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Peregrine banding draws a crowd

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Erika Kolbow (left) of Turtle River State Park and licensed bander and raptor expert Tim Driscoll of Grand Forks handle peregrine falcon chicks during Monday afternoon's banding event below the UND water tower. Kolbow and Driscoll banded the three chicks -- two males and one female -- and climbers then returned the young peregrines to their nest box atop the UND water tower. (Photo/ Brad Dokken, Grand Forks Herald) 2 / 4
A peregrine falcon chick voices its displeasure Monday afternoon while being banded near the UND water tower. The chick and its two siblings were returned to the nest box high atop the tower after they were banded. (Photo/ Brad Dokken, Grand Forks Herald)3 / 4
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It was a falcon frenzy Monday afternoon as an estimated 150 people showed up to watch peregrine chicks being banded below the UND water tower.

Between the three chicks, who loudly voiced their displeasure at being removed from their nest box high atop the tower, and more than 60 kids from various Grand Forks YMCA programs who came to watch, this year's banding effort was even more boisterous than usual.

"They're just absolutely loving it—it's very exciting," Sam Olson, a counselor for the Y's Adventure Camp, said of the kids who watched the banding.

Peregrine parents Terminator and Marv weren't exactly quiet, either, as they circled above the throng until the banding was finished and the chicks were returned to the nest box.

As he's done every year since 2008, when peregrines first nested in Grand Forks, licensed bander and raptor expert Tim Driscoll banded the three chicks. Assisting him was Erika Kolbow, an interpreter at Turtle River State Park.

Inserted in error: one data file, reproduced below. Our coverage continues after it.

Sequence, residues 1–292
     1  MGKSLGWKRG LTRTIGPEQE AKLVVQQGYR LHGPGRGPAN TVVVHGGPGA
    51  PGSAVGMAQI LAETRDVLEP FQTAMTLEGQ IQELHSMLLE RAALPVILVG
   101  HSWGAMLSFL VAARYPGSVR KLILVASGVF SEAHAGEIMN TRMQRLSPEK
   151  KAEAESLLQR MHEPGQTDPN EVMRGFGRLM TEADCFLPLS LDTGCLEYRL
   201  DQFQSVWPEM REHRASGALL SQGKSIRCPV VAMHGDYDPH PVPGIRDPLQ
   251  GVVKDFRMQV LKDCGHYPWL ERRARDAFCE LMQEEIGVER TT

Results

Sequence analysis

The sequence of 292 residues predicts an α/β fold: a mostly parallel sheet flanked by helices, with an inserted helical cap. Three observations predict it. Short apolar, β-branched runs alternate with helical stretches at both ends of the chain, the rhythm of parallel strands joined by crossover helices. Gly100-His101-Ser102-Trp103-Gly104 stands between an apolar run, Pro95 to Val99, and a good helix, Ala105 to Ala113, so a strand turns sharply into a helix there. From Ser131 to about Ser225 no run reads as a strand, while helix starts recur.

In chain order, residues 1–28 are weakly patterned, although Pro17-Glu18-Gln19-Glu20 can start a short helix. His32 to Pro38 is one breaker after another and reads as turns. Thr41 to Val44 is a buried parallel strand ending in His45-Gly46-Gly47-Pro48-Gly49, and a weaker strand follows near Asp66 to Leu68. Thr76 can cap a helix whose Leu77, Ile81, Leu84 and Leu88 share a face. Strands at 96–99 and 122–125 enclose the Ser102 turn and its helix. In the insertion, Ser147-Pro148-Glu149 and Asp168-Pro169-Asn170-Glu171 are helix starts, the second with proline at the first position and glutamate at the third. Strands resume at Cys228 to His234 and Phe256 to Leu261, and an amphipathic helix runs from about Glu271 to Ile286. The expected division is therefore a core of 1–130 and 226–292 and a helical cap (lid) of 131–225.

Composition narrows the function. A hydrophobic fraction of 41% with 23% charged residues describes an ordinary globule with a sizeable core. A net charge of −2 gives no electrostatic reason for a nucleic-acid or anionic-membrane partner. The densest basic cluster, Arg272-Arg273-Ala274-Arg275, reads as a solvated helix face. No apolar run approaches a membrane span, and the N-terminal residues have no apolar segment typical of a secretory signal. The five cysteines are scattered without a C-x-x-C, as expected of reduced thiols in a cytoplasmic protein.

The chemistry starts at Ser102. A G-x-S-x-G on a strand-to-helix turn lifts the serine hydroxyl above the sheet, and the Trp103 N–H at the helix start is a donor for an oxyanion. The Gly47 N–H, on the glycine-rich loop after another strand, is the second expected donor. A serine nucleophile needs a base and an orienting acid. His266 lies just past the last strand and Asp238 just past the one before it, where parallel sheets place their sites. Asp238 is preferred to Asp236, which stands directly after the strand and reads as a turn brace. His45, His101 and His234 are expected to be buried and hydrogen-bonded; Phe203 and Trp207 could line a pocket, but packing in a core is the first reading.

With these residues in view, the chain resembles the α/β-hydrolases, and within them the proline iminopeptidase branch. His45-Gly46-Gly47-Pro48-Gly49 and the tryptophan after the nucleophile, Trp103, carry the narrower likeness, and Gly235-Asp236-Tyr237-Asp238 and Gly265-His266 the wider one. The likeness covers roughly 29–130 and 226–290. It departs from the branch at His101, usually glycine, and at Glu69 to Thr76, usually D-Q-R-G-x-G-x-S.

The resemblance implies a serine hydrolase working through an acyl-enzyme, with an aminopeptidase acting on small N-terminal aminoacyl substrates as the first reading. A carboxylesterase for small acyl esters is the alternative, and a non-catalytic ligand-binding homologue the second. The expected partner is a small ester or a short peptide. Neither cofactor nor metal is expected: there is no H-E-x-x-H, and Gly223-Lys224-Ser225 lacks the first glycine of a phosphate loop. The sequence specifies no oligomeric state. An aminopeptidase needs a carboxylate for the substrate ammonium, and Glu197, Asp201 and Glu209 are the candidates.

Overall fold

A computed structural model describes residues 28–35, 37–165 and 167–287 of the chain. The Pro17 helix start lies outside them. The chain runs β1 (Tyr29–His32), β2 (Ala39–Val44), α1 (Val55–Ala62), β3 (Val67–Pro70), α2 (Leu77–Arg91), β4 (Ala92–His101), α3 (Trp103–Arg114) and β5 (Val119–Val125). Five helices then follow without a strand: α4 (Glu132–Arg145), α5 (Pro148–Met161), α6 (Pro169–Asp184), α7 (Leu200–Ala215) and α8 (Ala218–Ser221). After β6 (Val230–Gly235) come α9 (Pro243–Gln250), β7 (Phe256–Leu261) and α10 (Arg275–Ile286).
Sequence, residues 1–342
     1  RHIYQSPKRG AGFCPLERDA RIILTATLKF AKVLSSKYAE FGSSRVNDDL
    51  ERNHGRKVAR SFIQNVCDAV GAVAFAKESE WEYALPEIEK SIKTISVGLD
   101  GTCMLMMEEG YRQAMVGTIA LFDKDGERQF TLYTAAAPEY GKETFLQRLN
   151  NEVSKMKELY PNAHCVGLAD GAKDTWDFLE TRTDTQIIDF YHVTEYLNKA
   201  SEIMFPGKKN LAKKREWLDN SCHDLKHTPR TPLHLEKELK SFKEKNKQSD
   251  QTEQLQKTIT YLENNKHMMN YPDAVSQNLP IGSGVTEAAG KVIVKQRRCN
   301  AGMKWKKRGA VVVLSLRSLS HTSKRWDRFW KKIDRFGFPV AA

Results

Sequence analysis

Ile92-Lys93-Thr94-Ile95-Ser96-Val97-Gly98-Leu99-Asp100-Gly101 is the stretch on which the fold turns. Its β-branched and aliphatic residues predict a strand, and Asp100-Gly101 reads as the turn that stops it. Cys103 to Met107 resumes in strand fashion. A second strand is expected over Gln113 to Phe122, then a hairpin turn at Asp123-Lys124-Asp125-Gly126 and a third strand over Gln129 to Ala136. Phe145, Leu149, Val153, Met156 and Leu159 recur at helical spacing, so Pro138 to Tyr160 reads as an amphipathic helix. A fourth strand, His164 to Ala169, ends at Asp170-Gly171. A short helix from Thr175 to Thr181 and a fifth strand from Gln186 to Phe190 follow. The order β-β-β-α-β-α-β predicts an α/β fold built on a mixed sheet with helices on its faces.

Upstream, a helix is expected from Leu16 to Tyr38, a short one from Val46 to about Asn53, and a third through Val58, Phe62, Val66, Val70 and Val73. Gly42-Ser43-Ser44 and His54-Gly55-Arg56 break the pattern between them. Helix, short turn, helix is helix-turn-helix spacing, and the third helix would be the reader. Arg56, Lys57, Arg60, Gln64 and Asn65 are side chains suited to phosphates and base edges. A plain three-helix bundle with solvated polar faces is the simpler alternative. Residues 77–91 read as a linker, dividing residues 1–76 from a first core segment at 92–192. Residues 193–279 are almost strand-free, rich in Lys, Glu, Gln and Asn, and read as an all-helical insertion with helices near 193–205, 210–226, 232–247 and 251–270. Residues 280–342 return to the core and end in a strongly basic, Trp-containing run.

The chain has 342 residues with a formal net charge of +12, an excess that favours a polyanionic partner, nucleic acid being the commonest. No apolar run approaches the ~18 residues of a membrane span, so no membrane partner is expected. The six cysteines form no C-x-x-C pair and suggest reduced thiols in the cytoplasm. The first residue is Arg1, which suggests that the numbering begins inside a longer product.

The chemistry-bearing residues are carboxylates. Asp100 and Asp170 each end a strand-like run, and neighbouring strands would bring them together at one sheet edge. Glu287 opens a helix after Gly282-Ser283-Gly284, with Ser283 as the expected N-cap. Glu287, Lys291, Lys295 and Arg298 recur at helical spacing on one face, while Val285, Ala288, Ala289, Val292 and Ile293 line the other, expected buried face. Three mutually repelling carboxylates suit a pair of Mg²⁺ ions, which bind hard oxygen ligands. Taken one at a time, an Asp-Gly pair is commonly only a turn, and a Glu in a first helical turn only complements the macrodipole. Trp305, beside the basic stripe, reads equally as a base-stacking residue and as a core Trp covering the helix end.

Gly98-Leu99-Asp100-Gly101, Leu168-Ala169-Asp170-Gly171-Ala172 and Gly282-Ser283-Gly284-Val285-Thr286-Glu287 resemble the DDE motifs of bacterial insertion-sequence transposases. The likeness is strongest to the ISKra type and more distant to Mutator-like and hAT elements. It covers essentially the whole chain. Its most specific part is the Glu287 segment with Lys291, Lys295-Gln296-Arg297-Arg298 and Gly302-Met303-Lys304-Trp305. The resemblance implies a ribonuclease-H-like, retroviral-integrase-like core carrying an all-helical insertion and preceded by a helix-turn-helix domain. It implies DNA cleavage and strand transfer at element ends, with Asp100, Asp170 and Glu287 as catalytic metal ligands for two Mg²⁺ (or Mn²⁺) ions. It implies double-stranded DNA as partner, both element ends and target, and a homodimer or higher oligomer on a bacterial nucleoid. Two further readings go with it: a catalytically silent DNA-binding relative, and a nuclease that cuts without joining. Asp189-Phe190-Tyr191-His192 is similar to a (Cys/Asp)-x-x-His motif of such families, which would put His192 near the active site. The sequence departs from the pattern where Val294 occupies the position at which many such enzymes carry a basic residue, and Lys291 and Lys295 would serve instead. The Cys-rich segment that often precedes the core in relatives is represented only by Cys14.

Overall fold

"I couldn't hear anything," Driscoll said. "We had to do sign language back and forth, but it's OK."

Seeing the peregrine chicks might spark one of the kids to be the next great scientist, nature writer, wildlife person, game warden or biology professor or conservationist, Driscoll said.

"Every one of (the kids) wanted to touch the birds, see the birds," he said.

Driscoll, who names the peregrine chicks because it's easier to remember a name than a band number, named this year's chicks Chan, for Chandler Robbins, an influential American ornithologist who died in March at age 98; Julie, in honor of Julie LeFever, longtime director of North Dakota's geological core library at UND who died in December; and Carl, after Carl Barrentine, an associate professor emeritus of humanities and integrated studies at UND.

This year's chicks were the 29th Driscoll has banded in Grand Forks. Terminator has hatched every chick, while this is Marv's third year as a local peregrine papa.

Scaling the 125-foot tower and contending with swooping peregrines to retrieve and return the chicks isn't for the faint of heart, and Rosa Grijalva of Grand Forks was among the trio climbing Monday.

Her dad, Jim, was a climber in 2008, the first year peregrines nested in Grand Forks, and he watched Monday as Rosa climbed the tower.

"It's more of a tradition—he let me do this," said Rosa, 18, a recent Central High School graduate. "It was really a cool experience. I hope I can do it again."

Grand Forks and Fargo have the only known nesting peregrines in North Dakota. Earlier Monday, Driscoll banded the first peregrine hatched in Crookston, a single male. A pair also is nesting this year in Moorhead, he said.

Brad Dokken

Brad Dokken is editor of the Herald's Northland Outdoors section and also works as a copy editor and page designer. Dokken joined the Herald company in November 1985 as a copy editor for Agweek magazine and joined the Herald staff in 1989. He worked as a copy editor in the features and news departments before becoming outdoors editor in 1998. He also writes a blog called Compass Points. A Roseau, Minn., native, Dokken is a graduate of Bemidji State University. 

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